The sticks for the brushes, made from local bamboo of high quality, are often decorated with ivory, horn or redwood; some are mounted at the top with horn or bone for the purposes of inscription.

Hu brushes, renowned as ¡°king of writing brushes¡±, used t be supplied to the imperial court. They were also a necessary item on the desks of men of letters or of means.

Hui ink stick---The Chinese ¡°solid ink¡± or ink stick is used to produce ink, when needed; it an also be a work of art. The way to make Chinese ink is to put a little water on an inkslab and then rub the ink stick on it round and round. When the liquid becomes thick and black enough, it is ready for writing with a brush. Before the ink stick was developed, graphite was used for writing. When the country became more developed, it was felt during the Han Dynasty (206 B.C.¡ª 220 A .D.) that graphite could not meet the growing demand. It was then that ink sticks began to be produced with pine and tung soot. The art was perfected during the Ming Dynasty (1368-1644), when high quality ink sticks were made of the soot of pine resin, pork lard and vegetable oil.

The best Chinese ink sticks were first made in Shexian country, Anhui Province , and they are generally called hui sticks because Shexian was named Huizhou in the Song Dynasty. Accomplished Chinese artists and calligraphy have always attached great importance to the selection of ink sticks. During the Qing Dynasty, a first-rate piece could be literally worth its weight in gold.

Duan Inkslab---To write with a brush, one must prepare one's own ink. Chinese ancestors developed the inkslab or inkstone for this purpose. The earliest Chinese inkslabs unearthed so far date from the Han Dynasty (206 B.C. -220 A .D.), showing that this utensil for ink-making has been in use in the country for at least 2,000 years. In a nutshell, the inkstone (yan or yantai) is a sort of millstone on which water is turned into ink by the rubbing of an ink stick. It is generally made of stone of a smooth and fine-grained variety. To the fastidious calligrapher, a good inkalab should be made of the stone produced at Duanxi, a suburb east of the city of Zhaoqing , Guangdong Province . Named after the home of the stone, the duan inkslab has a history of over 1,500 years and has always been regarded as a valuable item in the scholar's study.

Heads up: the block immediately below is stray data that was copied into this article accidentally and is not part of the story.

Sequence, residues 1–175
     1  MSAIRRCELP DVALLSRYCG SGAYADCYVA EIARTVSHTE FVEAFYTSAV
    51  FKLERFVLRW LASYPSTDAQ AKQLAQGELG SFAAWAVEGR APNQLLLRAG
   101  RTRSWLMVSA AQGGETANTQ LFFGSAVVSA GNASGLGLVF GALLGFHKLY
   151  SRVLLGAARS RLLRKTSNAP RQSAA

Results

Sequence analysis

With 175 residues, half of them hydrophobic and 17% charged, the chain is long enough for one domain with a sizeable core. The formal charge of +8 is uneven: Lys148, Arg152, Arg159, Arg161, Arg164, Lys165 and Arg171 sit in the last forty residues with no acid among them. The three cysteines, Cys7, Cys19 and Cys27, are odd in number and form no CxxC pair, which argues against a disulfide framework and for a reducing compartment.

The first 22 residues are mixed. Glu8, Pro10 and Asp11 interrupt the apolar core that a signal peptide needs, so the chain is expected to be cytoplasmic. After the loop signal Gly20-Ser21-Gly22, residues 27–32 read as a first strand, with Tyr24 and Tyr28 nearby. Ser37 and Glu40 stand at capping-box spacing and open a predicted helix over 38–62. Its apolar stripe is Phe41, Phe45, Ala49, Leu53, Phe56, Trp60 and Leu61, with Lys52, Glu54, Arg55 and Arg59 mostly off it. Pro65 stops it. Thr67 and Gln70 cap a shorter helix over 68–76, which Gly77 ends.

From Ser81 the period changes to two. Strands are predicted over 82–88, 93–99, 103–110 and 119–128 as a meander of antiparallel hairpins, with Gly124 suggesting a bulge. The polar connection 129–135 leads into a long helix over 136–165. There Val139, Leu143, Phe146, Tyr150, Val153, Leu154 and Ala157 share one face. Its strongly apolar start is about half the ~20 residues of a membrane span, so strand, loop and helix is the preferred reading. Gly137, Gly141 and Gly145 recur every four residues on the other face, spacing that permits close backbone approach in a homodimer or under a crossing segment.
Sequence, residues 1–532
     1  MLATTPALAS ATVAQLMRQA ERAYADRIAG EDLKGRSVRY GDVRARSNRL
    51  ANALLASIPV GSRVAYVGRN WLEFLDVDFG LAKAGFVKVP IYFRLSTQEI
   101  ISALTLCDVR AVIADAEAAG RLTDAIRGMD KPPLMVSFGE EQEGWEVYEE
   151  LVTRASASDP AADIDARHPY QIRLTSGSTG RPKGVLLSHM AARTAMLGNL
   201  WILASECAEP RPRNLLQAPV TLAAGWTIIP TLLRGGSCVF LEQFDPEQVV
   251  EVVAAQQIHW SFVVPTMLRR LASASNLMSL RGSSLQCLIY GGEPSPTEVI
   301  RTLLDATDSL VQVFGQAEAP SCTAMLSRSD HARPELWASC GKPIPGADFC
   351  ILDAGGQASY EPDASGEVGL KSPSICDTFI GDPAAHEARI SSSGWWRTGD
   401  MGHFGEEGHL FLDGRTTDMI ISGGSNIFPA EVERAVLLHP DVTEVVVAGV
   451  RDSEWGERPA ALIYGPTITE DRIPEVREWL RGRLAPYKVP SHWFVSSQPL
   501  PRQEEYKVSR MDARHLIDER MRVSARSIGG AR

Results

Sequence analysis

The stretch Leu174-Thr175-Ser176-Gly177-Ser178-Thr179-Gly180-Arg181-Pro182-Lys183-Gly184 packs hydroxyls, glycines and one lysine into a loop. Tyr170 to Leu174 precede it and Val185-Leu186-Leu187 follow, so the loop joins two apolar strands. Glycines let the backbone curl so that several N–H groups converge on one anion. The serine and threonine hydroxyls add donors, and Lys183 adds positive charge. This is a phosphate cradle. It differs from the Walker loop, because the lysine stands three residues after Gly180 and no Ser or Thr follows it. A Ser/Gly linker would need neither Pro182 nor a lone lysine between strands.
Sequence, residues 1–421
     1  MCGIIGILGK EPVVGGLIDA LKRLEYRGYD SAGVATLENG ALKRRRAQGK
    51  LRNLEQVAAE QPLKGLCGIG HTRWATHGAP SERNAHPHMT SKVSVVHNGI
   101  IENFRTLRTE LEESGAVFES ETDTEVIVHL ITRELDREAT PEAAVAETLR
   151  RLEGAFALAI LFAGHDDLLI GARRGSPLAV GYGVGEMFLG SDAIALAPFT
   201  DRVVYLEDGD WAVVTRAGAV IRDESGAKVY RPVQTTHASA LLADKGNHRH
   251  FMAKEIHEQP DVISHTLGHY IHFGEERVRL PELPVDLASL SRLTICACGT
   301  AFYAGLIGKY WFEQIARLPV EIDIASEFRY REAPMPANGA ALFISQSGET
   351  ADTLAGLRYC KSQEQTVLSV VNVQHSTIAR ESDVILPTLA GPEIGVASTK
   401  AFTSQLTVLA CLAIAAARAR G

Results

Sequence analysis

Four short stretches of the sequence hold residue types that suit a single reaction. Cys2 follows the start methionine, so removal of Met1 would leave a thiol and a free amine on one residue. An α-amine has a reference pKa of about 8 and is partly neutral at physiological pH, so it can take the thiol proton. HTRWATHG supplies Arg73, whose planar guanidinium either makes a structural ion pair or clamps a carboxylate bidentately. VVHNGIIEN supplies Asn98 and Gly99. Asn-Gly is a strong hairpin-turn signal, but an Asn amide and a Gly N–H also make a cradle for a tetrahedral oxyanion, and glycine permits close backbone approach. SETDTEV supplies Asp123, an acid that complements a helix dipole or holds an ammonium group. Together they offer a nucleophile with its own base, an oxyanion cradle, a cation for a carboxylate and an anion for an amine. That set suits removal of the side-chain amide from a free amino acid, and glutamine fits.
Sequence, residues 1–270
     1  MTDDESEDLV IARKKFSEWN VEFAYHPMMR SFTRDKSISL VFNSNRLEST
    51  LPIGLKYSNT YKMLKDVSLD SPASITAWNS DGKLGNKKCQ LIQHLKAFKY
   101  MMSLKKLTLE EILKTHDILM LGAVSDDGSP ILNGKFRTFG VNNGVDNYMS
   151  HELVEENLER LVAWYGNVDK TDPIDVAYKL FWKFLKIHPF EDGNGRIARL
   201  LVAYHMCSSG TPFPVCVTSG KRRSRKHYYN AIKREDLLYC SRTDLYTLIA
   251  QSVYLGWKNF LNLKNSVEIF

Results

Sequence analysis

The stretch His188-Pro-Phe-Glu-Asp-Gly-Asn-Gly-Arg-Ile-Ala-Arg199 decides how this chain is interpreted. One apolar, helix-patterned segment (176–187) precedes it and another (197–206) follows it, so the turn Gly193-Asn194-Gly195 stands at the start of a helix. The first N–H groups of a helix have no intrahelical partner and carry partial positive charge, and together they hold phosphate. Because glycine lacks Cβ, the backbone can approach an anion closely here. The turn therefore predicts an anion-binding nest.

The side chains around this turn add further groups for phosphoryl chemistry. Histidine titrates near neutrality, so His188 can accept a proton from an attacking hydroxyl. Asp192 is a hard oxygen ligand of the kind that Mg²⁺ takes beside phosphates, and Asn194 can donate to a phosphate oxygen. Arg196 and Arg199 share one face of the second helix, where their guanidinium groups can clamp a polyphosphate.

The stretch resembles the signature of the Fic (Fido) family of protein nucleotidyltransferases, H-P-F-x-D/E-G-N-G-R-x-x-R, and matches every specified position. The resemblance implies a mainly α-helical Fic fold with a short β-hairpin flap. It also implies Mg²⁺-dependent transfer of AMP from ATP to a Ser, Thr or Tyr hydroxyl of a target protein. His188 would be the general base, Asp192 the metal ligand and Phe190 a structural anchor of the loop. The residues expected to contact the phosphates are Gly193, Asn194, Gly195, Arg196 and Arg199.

Duan inkslabs are valued for their fine and smooth surfaces which look as if glossy with moisture. They make ink fairly fast and wet the hair of the writing brush evenly; they are also good for keeping left over ink. A well-chosen piece of stone may also bear fine veins indistinct but pretty to look at.


Seal-cutting is traditionally listed along with painting, calligraphy and poetry as one of the ¡°four arts¡± expected of the accomplished scholar and a unique part of the Chinese cultural heritage. A seal stamp in red is not only the signature on a work of calligraphy or painting but an in dispensable touch to liven it up.

The art dates back about 3,700 years to the Yin Dynasty and has its origin in the cutting of orcle inscriptions on tortoise shells. It flourished in the Qin Dynasty of 22 centuries ago, when people engraved their names on utensils and documents (of bamboo and wood) to show ownership or authorship. Out of this grew the cutting of personal manes on small blacks of horn, jade or wood, namely the seals as we know them today.

As in other countries seals may be used by official departments as well as private individuals. From as early as the Warring State Period (475-221.B.C.) an official seal would be bestowed as token of authorization by the head of a state to a subject whom he appointed to a high office. The seal, in other words, stood for the office and corresponding power. Private seals are likewise used to stamp personal names on various papers for purposes of authentication or as tokens of good faith.

Seals reflect the development of written Chinese. The earliest ones, those of the Qin and Han dynasties, bear the zhuan or curly script, which explains why the art of seal-cutting is still called zhuanke and also why the zhuan script is also known in English as ¡°seal characters¡±. As time went on, the other script styles appeared one after another on Chinese seals, which may now be cut in any style except the cursive at the option of the artist.